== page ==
February 5, 2013

Weekly Roundup: Poverty in the Heartland

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Pam G. Dempsey/CU-CitizenAccess/Food items sit on a table at Martha's Cupboard Food Pantry in Mansfield.

File photo

Pam G. Dempsey/CU-CitizenAccess/Food items sit on a table at Martha's Cupboard Food Pantry in Mansfield.

By Staff/CU-CitizenAccess.org

The latest report on poverty by Heartland Alliance is grim – one third of the overall population in the United States will experience poverty in their lifetimes; half of adults in America will experience poverty by the age of 65.

Over 48.5 million people in the U.S. are living in poverty, with 1.9 million of them in Illinois.

Here’s a round-up of some recent news coverage throughout Illinois that highlights the issue of poverty in the state.

Champaign County’s poverty rate third-highest in state

With more children eligible for free or reduced lunches area schools and an uptick in  new applications for LIHEAP, the Low Income Home Energy Assistance Program, the Champaign County Regional Planning Commission wasn’t surprised by a new report stating Champaign County has the state’s third highest poverty rate.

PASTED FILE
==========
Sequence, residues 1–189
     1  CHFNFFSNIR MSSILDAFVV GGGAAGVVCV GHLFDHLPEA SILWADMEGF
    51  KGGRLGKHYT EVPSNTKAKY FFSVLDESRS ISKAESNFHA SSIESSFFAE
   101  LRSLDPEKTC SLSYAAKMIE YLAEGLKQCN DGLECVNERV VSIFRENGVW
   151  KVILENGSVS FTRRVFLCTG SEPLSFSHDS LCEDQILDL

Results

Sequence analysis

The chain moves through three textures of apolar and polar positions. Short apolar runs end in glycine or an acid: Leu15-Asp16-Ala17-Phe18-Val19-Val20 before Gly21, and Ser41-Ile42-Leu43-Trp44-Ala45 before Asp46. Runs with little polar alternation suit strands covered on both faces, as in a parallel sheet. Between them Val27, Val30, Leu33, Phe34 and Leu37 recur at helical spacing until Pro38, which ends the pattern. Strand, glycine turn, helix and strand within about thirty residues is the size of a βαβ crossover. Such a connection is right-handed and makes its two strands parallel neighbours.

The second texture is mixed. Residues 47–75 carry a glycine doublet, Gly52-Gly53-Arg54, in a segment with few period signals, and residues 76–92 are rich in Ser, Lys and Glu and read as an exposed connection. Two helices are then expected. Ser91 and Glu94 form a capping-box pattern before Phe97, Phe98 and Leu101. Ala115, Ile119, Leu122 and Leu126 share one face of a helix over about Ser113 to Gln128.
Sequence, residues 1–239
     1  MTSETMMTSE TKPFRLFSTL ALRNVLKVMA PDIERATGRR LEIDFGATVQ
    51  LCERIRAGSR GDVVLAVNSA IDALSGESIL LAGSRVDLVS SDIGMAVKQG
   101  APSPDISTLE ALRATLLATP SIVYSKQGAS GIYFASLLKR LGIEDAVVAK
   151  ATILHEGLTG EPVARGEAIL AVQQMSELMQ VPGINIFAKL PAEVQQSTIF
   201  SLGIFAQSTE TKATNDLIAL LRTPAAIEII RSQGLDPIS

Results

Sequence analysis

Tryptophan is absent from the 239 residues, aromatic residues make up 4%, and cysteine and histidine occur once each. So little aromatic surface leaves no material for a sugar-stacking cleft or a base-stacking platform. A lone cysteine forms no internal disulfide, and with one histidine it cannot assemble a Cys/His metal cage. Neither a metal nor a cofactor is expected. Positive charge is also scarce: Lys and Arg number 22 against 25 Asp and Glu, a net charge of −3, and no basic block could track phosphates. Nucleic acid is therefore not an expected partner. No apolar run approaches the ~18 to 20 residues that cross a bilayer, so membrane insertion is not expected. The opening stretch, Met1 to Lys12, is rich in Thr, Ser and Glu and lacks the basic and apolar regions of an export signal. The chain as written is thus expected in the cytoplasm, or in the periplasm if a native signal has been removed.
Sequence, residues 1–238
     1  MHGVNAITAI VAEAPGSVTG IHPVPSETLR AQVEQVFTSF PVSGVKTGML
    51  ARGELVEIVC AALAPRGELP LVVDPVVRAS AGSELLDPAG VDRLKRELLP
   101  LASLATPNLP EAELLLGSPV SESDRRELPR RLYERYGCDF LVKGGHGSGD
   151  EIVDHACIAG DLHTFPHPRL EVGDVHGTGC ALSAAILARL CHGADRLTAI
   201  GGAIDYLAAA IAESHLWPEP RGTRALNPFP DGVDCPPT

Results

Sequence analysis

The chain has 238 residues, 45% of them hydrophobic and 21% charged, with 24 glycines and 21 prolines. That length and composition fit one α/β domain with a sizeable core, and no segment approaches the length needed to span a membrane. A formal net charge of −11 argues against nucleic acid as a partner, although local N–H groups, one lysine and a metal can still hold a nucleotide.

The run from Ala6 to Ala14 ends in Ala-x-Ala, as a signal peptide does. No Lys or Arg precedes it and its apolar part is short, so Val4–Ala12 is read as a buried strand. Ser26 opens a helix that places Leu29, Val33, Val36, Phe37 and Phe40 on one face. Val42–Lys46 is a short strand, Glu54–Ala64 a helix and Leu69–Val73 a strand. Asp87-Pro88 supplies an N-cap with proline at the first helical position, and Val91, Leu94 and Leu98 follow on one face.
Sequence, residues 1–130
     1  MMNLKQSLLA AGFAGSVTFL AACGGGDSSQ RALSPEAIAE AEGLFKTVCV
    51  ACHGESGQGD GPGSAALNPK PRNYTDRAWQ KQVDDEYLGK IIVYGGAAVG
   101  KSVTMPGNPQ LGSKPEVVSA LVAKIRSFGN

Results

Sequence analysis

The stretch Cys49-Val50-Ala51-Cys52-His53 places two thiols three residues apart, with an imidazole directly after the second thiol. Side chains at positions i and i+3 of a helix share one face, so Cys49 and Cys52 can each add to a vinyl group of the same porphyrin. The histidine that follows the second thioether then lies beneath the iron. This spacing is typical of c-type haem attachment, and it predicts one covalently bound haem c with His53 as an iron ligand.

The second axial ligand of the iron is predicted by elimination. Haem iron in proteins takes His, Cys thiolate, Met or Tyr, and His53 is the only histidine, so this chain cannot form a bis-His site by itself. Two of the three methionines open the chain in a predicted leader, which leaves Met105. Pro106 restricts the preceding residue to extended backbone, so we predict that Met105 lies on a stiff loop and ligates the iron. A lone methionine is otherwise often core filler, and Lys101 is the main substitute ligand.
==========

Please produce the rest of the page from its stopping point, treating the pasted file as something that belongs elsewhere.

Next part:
A recent article in Champaign-Urbana’s News-Gazette reported that, according to the Chicago-based Social IMPACT Research Center, 23.4 percent of Champaign County residents live in poverty. And those residents live in both the county’s rural and urban areas.

One in three living in – or near – poverty

The Public News Service examined Social IMPACT Research Center’s latest report on poverty. The study found 4 million Illinoisans living near or in poverty

The report cites low wages, lack of affordable housing, joblessness and medical bankruptcies as causes.

Possible solutions include increasing the minimum wage, as well as investing in programs that prevent homelessness and fund education.

Poverty statistics questioned

An article in The Southern Illinoisan says that local politicians in Jackson County are questioning a recent report by the Social IMPACT Research Center that calls the county the most impoverished in Illinois.

Mayor Joel Fritzler of Carbondale, home of Southern Illinois University, says the study didn’t take into consideration that  the county’s residents includes a large student population with individual incomes falling below the single-person poverty threshold of $11,484.

Examining Illinois’ state of poverty and wealth

The Heartland Alliance report on poverty prompted one ChicagoMag.com blogger to look at the impoverished and the wealthiest parts of Illinois.

Whet Moser found that the poorest areas could be found along the southwest tip of the state, whereas the wealthiest part of the state was in Kendall County.